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Pretense and Presupposition

Pretense and Presupposition

Chapter:
(p.165) 10 Pretense and Presupposition
Source:
Aboutness
Author(s):
Stephen Yablo
Publisher:
Princeton University Press
DOI:10.23943/princeton/9780691144955.003.0011

A great puzzle of twentieth-century philosophy of language was, how are finite beings able to understand a potential infinity of sentences? The answer is supposed to be that understanding is recursive: infinitely many sentences can be constructed out of finitely many words combined according to finitely many rules; we understand a sentence by understanding the words in it and knowing the relevant rules. A great puzzle of twenty-first-century philosophy of language is shaping up to be this: how do we reconcile the solution to the previous puzzle with what sentences actually strike us as saying? It's a puzzle because S's compositionally determined meaning is not always a very good guide to what S intuitively says, or to its contribution to what is said by sentences in which S is embedded. This chapter focuses on the more radical case where a sentence says something its meaning positively disallows, such as the case where a sentence's real content is not a possible semantic content.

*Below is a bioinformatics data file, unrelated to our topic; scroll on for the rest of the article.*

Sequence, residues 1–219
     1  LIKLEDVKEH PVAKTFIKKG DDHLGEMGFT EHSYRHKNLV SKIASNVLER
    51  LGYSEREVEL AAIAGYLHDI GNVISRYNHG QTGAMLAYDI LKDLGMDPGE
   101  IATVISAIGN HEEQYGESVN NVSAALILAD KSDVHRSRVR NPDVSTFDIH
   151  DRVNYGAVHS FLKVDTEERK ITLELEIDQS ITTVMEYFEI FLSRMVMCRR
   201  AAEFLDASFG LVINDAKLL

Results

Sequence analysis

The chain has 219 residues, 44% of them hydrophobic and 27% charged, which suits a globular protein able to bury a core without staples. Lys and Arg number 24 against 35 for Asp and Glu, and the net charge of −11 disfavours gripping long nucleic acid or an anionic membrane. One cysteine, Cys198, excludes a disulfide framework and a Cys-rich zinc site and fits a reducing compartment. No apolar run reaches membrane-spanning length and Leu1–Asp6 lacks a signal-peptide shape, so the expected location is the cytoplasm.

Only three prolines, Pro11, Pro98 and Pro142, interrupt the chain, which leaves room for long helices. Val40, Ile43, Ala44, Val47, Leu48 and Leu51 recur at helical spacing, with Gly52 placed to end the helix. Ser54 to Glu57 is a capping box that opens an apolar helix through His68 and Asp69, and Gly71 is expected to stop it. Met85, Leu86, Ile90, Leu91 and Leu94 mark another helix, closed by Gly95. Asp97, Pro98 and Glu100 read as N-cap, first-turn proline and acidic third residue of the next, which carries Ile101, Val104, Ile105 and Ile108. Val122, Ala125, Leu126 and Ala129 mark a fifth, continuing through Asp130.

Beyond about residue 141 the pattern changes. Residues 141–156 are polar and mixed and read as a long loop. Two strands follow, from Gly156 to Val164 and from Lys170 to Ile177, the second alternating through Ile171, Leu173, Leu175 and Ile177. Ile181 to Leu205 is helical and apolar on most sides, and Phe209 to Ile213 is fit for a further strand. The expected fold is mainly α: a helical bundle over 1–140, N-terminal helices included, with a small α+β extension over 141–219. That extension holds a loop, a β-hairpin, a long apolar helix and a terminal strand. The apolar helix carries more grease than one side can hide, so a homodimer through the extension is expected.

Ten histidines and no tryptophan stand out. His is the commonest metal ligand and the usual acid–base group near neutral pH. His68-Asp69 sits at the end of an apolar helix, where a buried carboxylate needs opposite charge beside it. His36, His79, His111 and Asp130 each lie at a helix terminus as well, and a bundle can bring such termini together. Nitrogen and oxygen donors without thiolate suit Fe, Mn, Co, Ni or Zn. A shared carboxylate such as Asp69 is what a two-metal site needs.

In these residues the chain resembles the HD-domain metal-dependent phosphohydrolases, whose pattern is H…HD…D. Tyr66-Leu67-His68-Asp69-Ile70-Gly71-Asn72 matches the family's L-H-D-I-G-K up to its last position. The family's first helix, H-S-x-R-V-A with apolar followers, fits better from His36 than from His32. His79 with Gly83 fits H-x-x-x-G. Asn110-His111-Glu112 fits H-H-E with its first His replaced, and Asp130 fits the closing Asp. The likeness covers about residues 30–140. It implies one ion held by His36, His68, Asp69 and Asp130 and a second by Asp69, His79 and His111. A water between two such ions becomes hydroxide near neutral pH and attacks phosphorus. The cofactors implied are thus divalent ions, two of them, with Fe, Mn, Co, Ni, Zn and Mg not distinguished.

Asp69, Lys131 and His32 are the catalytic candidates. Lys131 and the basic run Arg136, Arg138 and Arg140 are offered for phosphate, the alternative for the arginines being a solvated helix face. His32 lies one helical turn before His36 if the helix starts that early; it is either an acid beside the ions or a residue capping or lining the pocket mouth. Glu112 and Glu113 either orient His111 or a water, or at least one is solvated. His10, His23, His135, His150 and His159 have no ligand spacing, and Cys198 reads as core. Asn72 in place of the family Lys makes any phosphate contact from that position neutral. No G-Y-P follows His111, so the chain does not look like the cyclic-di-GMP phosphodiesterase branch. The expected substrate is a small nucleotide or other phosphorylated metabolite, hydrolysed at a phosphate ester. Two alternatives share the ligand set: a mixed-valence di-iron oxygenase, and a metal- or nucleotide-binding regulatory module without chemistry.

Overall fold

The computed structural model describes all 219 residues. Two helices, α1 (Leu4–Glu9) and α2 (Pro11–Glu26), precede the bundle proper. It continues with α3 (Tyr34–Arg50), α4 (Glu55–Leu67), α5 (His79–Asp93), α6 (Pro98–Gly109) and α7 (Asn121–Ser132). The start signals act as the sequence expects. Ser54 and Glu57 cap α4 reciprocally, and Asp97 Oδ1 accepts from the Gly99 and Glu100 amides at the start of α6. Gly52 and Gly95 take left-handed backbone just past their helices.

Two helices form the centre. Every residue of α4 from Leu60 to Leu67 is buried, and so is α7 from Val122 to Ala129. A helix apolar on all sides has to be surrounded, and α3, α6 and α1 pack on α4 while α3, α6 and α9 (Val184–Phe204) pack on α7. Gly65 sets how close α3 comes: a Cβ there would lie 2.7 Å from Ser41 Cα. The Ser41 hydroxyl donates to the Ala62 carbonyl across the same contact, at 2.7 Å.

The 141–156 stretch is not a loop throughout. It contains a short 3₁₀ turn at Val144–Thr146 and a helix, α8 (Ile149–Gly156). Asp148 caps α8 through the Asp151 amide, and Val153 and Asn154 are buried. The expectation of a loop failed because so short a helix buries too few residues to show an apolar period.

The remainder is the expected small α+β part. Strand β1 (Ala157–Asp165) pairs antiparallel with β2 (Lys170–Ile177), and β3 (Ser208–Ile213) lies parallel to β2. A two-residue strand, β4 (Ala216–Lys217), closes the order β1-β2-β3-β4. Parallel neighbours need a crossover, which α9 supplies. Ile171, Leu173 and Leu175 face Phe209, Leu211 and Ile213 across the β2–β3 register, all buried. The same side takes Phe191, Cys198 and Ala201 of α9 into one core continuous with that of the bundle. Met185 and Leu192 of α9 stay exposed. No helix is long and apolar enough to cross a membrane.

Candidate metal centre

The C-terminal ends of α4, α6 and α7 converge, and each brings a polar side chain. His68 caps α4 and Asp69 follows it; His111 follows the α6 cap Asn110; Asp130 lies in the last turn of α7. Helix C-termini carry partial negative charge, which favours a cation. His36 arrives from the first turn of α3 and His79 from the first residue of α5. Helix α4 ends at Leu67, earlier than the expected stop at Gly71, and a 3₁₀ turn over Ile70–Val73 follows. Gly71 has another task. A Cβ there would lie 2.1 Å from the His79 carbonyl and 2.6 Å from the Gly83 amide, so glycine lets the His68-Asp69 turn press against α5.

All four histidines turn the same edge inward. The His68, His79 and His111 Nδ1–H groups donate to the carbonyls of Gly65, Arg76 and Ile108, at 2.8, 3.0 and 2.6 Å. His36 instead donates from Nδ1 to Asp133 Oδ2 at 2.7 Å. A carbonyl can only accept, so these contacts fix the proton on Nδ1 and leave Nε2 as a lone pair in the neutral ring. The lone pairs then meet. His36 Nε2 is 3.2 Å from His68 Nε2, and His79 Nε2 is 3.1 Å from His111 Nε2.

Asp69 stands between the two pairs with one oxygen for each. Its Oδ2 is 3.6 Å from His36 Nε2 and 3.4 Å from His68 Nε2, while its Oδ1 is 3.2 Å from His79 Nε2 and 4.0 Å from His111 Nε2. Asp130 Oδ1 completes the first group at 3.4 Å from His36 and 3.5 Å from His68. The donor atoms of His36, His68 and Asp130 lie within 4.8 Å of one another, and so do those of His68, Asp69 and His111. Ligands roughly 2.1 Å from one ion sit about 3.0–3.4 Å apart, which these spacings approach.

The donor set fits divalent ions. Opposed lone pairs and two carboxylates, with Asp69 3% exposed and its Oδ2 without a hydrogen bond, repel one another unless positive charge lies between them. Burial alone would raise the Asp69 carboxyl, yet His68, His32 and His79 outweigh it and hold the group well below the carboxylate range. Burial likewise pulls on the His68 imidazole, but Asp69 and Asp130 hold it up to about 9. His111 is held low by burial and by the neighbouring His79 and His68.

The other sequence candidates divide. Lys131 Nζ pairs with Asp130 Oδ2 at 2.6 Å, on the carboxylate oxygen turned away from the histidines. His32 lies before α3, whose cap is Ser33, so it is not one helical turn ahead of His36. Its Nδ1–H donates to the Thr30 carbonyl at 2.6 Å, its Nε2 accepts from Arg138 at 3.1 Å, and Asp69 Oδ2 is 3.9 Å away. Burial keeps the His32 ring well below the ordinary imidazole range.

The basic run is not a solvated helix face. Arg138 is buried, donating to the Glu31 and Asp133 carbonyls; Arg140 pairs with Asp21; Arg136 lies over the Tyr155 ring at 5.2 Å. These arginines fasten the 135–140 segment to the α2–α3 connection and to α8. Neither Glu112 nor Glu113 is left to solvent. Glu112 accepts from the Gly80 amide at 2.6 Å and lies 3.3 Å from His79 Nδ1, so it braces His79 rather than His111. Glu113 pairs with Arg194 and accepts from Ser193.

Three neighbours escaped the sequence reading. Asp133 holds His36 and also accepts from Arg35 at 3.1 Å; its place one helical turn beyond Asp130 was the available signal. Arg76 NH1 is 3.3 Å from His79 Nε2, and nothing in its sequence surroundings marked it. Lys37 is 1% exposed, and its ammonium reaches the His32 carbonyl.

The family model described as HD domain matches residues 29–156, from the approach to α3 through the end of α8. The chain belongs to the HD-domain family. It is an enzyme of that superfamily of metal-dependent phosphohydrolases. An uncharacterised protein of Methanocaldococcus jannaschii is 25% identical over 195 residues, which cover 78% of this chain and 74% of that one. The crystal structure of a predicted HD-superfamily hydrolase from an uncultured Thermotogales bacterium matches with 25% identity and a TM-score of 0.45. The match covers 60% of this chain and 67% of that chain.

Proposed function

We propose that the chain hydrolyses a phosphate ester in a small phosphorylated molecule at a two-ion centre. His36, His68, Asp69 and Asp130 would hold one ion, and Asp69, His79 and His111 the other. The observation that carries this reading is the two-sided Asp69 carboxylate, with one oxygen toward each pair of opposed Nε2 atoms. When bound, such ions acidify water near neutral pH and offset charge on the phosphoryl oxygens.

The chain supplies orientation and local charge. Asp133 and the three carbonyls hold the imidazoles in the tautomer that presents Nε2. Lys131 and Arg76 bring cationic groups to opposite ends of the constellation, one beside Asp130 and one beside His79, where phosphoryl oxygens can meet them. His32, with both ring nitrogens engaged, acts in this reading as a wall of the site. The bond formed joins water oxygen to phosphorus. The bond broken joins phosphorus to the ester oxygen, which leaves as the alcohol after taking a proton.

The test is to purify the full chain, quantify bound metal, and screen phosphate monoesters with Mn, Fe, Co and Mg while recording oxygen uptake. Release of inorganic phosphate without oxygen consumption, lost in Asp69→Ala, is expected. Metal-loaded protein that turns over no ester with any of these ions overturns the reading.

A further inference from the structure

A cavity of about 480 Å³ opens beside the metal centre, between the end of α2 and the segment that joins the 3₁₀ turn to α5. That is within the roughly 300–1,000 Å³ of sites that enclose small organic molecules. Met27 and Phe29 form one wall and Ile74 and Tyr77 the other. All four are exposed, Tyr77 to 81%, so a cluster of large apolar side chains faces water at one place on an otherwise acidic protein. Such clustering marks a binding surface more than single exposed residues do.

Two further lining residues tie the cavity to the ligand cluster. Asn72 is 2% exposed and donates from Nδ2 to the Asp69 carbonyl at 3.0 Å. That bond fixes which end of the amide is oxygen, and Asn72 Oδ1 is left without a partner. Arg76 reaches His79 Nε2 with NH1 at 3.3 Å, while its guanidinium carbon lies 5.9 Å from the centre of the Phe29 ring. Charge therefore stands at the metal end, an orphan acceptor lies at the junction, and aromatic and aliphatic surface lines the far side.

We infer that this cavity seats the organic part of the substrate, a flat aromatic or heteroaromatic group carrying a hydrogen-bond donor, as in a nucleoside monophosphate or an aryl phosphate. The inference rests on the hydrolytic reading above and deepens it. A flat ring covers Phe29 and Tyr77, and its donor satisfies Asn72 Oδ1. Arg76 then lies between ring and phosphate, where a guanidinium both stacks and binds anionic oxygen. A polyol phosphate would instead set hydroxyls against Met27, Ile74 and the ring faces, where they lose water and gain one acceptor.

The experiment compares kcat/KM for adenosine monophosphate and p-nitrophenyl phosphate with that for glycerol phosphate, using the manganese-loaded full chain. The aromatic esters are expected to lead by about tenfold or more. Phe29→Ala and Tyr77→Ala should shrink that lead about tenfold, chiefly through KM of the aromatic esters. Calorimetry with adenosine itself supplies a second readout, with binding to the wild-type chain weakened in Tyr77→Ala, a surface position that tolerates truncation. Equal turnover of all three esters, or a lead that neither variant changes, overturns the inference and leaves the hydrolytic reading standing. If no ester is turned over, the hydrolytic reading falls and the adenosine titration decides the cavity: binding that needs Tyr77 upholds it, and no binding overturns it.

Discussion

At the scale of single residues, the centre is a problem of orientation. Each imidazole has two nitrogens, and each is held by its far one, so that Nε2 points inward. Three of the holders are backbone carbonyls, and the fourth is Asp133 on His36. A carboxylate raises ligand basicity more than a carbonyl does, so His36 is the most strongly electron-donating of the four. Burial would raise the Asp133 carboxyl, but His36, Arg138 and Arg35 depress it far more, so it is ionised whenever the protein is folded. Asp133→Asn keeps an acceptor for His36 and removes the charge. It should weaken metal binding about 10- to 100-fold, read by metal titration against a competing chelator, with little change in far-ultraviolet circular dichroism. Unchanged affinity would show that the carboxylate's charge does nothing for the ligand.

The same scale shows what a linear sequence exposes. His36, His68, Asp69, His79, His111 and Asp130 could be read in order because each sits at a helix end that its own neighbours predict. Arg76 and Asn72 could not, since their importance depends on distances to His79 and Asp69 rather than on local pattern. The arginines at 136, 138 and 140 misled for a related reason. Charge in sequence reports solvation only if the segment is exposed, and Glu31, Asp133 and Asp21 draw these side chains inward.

Keywords:   philosophy of language, sentence, aboutness, semantic content, finite beings, infinity

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